In my last essay I described “nondirected interviewing” and how to write nondirected interview questions. In this essay, I’d like to talk about how to conduct such an interview.
An interview is a funny situation. It’s like a friendly conversation between strangers, but unlike the kind you may have on the bus. When chatting on the bus, people try very hard to agree with each other and to quickly communicate interesting information. Each person wants to be liked and adjusts the way they speak and what they say so as not to offend.
This type of exchange is perfectly fine for maintaining civil society — deeper exchanges can always happen as an acquaintance deepens — but shallow banter isn’t appropriate for an interview. You need to find out what someone is experiencing, what they’re thinking, or what their real opinions are.
In a nondirected interview, the interviewer is more than just a conversation partner; you have to behave differently. You must be more vigilant about the meaning of your words and their implications. An accidental ambiguity can cause you and your interviewee to use the same word very differently; a leading question can guide an interviewee to provide a different answer than what they truly believe.
Here are some guidelines for how to ask questions that will limit (though likely never eliminate) bias:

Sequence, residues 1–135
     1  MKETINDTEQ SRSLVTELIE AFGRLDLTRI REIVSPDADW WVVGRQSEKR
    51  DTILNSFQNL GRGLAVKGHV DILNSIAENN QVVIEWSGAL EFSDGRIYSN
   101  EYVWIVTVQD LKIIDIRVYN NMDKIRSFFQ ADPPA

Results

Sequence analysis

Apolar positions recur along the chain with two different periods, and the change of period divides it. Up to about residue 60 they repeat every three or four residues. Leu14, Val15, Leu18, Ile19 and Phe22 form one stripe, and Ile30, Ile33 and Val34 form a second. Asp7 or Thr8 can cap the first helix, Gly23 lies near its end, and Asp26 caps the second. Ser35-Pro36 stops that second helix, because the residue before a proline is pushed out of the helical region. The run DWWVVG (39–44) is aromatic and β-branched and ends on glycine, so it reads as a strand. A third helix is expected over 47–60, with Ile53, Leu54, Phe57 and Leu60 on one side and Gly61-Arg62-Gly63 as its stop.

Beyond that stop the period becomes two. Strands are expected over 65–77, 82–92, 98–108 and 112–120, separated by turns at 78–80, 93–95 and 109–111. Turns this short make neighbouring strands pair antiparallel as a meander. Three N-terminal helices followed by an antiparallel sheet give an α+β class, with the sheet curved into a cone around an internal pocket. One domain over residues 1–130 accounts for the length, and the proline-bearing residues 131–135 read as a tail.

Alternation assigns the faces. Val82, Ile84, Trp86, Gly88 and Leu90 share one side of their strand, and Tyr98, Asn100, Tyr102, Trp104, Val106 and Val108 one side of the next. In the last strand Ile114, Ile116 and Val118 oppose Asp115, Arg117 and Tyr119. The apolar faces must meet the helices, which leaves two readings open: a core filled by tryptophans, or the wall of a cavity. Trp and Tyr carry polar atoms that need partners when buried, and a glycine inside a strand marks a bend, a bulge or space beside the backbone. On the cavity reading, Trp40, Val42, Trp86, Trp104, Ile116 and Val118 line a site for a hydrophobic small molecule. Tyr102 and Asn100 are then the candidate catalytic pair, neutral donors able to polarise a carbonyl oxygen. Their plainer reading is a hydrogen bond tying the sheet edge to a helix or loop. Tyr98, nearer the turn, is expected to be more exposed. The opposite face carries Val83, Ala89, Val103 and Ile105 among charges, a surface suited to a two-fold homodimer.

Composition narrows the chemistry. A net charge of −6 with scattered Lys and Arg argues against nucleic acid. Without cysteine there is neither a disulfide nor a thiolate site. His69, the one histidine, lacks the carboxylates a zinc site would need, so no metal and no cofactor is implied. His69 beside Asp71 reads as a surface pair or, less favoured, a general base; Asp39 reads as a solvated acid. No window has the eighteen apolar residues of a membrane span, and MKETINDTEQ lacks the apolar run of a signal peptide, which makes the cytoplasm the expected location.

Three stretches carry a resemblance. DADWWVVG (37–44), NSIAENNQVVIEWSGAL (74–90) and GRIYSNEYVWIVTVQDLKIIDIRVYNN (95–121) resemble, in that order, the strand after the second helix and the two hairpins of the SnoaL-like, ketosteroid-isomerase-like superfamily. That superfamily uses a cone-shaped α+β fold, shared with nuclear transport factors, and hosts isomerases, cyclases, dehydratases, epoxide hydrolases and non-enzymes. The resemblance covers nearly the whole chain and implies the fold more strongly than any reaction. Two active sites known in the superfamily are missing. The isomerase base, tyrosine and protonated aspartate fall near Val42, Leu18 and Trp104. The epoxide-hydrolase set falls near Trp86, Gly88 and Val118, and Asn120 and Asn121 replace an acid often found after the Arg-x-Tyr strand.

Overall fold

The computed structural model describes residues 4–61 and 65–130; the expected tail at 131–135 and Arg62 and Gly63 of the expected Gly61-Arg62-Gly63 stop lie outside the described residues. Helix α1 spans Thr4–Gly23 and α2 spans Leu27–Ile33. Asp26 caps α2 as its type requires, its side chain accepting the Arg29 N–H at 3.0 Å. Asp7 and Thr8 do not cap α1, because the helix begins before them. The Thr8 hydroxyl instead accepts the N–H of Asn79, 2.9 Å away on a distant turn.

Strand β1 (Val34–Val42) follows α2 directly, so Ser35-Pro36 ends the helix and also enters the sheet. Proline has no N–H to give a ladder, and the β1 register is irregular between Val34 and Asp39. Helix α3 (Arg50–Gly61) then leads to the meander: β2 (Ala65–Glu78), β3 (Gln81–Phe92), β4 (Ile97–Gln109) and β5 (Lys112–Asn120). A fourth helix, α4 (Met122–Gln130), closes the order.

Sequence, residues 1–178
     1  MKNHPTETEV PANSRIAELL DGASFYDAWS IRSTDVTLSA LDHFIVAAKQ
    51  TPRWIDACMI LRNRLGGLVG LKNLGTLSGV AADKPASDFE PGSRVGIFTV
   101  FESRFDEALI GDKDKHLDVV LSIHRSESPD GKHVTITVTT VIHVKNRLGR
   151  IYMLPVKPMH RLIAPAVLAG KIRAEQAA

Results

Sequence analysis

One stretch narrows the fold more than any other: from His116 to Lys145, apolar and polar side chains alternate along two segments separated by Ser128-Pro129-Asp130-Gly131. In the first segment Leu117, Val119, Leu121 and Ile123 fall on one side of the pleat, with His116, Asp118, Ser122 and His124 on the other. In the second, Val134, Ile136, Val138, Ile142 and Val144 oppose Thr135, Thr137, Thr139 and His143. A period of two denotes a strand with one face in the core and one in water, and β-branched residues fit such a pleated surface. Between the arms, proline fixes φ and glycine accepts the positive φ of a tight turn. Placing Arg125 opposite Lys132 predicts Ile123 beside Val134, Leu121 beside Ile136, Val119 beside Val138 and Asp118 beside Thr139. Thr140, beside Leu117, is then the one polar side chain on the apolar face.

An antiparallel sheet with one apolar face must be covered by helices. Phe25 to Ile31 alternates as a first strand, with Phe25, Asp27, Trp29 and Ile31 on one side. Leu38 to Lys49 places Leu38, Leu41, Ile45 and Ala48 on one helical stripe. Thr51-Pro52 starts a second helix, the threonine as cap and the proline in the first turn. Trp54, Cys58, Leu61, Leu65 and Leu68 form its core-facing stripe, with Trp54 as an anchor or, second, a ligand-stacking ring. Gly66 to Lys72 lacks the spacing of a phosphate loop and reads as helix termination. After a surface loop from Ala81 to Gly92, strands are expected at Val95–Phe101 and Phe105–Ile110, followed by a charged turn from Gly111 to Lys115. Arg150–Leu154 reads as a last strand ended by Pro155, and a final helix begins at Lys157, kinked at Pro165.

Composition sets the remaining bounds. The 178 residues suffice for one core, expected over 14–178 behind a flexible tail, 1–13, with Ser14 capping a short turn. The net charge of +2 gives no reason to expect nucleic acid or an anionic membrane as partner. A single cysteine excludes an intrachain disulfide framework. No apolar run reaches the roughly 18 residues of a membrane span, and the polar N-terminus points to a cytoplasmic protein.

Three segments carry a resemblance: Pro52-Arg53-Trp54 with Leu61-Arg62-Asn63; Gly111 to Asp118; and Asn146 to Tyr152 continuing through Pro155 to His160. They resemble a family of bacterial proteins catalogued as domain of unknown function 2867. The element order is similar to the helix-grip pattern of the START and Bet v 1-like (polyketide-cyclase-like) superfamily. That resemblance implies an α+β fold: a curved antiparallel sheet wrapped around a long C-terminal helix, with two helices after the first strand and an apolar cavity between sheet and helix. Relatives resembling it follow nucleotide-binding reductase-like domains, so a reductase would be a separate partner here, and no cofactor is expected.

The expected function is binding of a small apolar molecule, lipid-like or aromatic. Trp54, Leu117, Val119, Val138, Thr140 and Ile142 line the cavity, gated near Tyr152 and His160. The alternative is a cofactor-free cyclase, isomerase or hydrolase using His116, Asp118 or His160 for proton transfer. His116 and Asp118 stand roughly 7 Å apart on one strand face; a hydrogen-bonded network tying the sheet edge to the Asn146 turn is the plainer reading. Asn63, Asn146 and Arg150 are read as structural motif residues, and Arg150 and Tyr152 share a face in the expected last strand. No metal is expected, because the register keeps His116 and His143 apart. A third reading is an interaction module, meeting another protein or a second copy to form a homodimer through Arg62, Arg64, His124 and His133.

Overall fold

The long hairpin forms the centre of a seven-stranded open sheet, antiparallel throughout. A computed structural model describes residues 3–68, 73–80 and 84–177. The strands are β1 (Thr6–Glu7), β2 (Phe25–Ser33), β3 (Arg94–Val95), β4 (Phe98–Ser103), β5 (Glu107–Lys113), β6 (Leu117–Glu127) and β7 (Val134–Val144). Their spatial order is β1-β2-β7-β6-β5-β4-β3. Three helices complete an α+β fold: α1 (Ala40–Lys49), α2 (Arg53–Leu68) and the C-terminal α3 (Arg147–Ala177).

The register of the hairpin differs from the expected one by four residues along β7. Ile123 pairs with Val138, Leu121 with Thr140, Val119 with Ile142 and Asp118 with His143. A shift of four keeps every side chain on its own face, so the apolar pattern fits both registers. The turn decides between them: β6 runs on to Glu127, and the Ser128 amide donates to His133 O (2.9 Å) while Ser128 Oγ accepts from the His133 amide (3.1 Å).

Define Terms: Words are ambiguous and easily misused. “That thing” can refer to a button, a feature, or the whole site. Personal definitions of words can differ from the dictionary definition or the development team’s definition. Someone may speak of a simple function as a “module,” while the development team may call complex clusters of functions “modules.”
When using a technical term, clearly define it first. Whenever possible, use the respondent’s definition of a word.
Keep Questions Simple: Questions should be clear in both language and intent.
It should be posed to gather raw information, and to uncover assumptions and perceptions. Never, under any circumstances, ask a question to prove a point or to justify your actions.
The goal of each question should be focused, explicit and simple.
Don’t Force Opinions: There are times when people just don’t have an opinion. They may never have thought about a given question in qualitative terms, or they may not have enough information to form an opinion. “Would this be better if it was done automatically?” may not make any sense to someone who has no experience with the process in question.
However, when asked for an opinion, most people will form one on the spot. Such opinions obviously aren’t carefully considered or deeply held.
Make sure that your interview subjects are likely to have an opinion when asking them about your subject matter.
Restate Answers: One of the best techniques to cut through problems with questions is to bounce the respondent’s answer back in different words.
Suppose your interviewee says, “If I entered the name of a teacher here, then they could look at the students in their class, but if I put the name of a principal, then they could see all the scores for all of the kids in their school? I mean, I would have to put something totally different here depending on who it was. I don’t know what to put in here, and I’m stuck.”
You might respond, “So you’re saying that you’d like to know which group the text is referring to because you would expect to be able to do different things based on who it was referring to. Is that correct?”
Rephrasing an interviewee’s responses helps prevent misunderstandings.